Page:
Washington: Roughly one in 10 migrants pushed back to Mexico to await US court hearings under a Trump administration programme have been caught crossing the border again, a top border official said on Thursday.
Acting US Customs and Border Protection Commissioner Mark Morgan said during a White House briefing that migrants returned to Mexico under a programme known as the Migrant Protection Protocols (MPP) have a 9% recidivism rate. Many of those migrants intend to seek asylum in the United States.
"Unfortunately, some of the individuals in the MPP programme are actually going outside the shelter environment," Morgan said. "They're re-engaging with the cartels because they're tired of waiting. And that's when we're hearing that some of that further abuse and exploitation is happening."
Nearly 59,000 migrants have been returned to Mexico under the programme, according to a CBP spokesman.
The administration of Republican President Donald Trump launched the MPP programme in January as part of a strategy to deter mostly Central American families from trekking to the US border to seek asylum. Trump officials have argued the bulk of such claims for protection lack merit and that migrants are motivated by economic concerns.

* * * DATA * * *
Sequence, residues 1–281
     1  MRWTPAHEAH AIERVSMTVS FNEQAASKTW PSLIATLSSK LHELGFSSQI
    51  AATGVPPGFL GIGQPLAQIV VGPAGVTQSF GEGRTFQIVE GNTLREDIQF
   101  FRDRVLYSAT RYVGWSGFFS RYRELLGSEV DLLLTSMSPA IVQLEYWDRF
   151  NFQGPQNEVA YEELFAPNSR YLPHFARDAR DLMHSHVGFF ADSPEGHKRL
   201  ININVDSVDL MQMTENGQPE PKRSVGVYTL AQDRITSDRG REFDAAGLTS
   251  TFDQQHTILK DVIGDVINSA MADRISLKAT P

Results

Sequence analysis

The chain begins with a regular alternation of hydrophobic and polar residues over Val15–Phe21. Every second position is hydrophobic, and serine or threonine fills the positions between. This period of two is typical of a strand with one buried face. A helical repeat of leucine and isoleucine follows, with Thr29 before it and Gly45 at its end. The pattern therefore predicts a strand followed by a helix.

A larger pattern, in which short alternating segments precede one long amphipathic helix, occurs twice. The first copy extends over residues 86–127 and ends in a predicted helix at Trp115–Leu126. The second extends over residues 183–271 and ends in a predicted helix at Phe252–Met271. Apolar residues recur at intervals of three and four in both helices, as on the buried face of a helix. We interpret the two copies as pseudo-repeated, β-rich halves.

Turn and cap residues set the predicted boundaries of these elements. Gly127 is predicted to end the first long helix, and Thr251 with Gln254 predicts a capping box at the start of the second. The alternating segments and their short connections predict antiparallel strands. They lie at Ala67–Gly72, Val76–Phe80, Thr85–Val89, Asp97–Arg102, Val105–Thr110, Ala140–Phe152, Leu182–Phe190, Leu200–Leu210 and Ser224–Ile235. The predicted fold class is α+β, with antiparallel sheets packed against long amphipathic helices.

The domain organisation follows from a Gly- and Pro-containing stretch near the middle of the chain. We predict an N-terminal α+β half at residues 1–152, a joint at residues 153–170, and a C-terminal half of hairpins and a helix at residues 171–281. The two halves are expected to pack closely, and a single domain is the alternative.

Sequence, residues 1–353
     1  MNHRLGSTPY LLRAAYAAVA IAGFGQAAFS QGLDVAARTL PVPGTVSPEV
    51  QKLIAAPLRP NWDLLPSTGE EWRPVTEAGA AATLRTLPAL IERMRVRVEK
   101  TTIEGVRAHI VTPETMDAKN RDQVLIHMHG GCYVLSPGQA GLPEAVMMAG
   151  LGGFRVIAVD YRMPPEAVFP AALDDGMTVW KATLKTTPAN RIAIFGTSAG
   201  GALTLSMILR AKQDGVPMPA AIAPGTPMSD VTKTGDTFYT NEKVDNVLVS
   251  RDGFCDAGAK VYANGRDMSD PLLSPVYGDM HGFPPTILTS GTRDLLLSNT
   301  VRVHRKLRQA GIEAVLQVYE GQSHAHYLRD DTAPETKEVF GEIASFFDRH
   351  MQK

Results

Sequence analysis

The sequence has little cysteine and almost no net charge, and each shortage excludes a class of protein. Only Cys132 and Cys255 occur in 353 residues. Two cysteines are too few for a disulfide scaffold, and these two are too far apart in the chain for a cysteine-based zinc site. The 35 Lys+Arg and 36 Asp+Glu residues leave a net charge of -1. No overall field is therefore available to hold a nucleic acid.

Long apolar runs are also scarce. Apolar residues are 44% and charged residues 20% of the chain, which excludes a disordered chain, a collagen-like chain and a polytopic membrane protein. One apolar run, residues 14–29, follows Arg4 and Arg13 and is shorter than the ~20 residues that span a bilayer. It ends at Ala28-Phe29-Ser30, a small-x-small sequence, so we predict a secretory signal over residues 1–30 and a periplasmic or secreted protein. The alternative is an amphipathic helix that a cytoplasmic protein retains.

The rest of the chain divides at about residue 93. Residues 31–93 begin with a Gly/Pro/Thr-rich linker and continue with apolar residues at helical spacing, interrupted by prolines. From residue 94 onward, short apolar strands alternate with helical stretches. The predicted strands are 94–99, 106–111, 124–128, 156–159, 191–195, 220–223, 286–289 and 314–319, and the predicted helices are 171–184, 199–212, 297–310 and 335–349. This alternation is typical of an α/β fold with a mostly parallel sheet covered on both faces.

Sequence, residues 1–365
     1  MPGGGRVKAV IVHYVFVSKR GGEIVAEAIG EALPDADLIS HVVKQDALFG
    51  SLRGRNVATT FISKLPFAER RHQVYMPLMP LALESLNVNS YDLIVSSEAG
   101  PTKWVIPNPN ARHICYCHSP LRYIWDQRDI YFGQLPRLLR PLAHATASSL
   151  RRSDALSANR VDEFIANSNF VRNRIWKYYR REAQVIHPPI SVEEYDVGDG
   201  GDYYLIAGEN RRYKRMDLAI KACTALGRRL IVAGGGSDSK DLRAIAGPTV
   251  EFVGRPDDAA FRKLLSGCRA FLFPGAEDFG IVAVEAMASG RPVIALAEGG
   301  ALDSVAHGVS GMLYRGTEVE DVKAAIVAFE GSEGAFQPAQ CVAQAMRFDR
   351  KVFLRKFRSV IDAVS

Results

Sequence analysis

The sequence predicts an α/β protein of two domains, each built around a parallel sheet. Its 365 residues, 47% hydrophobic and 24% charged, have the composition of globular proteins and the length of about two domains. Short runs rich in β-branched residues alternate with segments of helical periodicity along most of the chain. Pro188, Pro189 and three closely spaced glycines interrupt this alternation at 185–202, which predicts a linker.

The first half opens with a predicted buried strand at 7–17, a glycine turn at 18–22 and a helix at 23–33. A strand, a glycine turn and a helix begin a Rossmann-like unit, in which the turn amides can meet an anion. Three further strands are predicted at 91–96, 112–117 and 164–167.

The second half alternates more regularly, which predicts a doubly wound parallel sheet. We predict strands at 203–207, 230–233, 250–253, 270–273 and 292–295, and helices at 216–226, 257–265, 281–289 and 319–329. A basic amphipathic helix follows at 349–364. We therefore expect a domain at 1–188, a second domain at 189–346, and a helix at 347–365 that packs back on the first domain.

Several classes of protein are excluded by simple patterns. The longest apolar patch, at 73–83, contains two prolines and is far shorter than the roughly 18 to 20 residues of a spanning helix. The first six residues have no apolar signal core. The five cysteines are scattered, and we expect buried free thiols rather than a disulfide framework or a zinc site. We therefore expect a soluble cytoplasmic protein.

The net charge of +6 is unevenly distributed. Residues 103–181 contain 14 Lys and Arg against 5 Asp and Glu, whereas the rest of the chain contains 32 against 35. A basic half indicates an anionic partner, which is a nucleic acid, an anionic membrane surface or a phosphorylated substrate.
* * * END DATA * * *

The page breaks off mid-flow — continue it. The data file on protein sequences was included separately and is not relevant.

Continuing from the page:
Immigration advocates say asylum seekers sent to wait in Mexican border towns, for the weeks or months it takes for their cases to wind through backlogged immigration courts, face dangerous and possibly deadly conditions.
Migrants who claim fear of returning to Mexico can ask to stay in the United States for the duration of their court case. But just 1% of cases have been transferred out of the programme, according to a Reuters analysis of federal immigration court data as of early October.
A report released https://www.merkley.senate.gov/imo/media/doc/SHATTERED%20REFUGE%20-%20A%20US%20Senate%20Investigation%20into%20the%20Trump%20Administration%27s%20Gutting%20of%20Asylum.pdf by the office of Democratic US Senator Jeff Merkley on Thursday criticised the MPP programme and the Trump administration's handling of a migrant surge earlier this year.
The report, citing interviews with US Citizenship and Immigration Services employees, said political supervisors at the agency intervened to override asylum officer decisions to remove migrants from the MPP programme.
An agency spokeswoman called the allegation "completely false" and said political appointees do not conduct reviews of such decisions.
Border Patrol arrested 35,444 people in October, the fifth consecutive monthly decline this year, according to a CBP official. The administration has said the MPP programme and other measures have helped lead to a decline in border arrests."